By Julie Marsh
...if it's true that the girls did promise in advance not to say the word, then [by not punishing the girls, the superintendent] sent a very bad message to all students in the district: It's okay to be deceitful.What? In one paragraph, O'Reilly writes "If (emphasis mine) it's true that the girls did promise in advance not to say the word..." In the very next paragraph, O'Reilly not only describes the girls as "mouthy", but concludes that they shouldn't "be allowed to get away with falsifying their story." Which is it? Did the girls lie or didn't they? And does O'Reilly adequately support his opinion (clearly, that the girls lied) on this point?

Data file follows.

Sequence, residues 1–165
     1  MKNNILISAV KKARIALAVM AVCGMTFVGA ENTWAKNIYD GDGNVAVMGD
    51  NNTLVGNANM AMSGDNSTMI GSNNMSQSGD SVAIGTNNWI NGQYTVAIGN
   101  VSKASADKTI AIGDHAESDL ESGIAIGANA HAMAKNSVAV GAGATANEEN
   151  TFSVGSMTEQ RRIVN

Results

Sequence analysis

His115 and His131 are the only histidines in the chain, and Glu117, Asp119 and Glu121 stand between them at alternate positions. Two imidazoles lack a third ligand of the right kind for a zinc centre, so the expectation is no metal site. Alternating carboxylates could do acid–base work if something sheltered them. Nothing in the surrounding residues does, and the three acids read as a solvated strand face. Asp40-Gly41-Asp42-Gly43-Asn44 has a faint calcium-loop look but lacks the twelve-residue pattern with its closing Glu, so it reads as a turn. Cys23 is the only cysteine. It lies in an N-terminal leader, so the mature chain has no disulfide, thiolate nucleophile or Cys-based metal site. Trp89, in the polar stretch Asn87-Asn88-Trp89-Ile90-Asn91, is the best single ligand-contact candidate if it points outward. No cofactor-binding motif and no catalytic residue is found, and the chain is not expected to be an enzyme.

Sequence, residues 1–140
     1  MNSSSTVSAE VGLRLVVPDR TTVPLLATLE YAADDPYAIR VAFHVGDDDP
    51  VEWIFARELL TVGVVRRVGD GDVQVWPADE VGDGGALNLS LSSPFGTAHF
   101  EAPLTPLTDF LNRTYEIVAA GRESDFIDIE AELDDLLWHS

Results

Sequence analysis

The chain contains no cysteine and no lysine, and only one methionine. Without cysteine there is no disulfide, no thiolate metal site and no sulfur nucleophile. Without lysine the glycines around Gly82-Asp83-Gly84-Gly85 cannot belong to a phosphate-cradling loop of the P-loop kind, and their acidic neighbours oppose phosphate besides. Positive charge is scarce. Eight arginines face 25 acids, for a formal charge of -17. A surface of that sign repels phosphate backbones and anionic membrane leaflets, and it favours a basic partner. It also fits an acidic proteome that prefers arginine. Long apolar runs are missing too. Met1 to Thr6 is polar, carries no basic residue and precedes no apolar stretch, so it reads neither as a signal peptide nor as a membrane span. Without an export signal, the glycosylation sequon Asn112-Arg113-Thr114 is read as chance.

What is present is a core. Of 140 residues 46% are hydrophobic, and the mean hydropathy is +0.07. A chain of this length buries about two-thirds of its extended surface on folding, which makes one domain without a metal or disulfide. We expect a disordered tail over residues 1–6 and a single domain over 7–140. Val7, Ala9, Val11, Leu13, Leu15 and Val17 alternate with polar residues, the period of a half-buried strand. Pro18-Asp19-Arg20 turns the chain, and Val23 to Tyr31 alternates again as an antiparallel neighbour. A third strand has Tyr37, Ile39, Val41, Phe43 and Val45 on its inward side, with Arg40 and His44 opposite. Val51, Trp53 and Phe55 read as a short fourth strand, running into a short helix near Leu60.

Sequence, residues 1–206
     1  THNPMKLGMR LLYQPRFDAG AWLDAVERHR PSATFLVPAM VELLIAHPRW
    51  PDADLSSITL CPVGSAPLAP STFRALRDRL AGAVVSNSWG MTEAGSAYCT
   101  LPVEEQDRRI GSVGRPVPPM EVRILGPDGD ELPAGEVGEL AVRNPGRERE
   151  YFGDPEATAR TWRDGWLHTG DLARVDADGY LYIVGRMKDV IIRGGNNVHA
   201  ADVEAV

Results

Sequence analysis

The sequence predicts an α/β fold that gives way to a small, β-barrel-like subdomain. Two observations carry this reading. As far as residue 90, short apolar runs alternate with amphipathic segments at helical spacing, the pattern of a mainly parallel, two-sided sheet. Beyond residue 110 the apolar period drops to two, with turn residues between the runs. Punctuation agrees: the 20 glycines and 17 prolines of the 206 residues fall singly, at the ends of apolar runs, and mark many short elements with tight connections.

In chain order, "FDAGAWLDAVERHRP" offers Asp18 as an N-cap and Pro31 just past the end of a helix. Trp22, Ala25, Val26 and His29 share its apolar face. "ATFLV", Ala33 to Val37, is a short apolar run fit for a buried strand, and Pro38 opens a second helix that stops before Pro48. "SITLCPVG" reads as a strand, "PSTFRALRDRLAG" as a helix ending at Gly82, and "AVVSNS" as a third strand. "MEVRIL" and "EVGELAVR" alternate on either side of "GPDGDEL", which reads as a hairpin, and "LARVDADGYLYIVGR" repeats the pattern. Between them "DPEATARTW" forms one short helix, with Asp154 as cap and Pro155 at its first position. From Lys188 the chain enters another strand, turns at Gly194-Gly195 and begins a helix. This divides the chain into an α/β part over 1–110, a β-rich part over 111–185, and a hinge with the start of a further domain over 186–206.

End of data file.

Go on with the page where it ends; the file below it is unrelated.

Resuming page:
Yes, the community served by John Jay High School obviously included a number of kids and adults who believed the girls were being censored. But that doesn't mean that the mouthy trio should be allowed to get away with falsifying their story.
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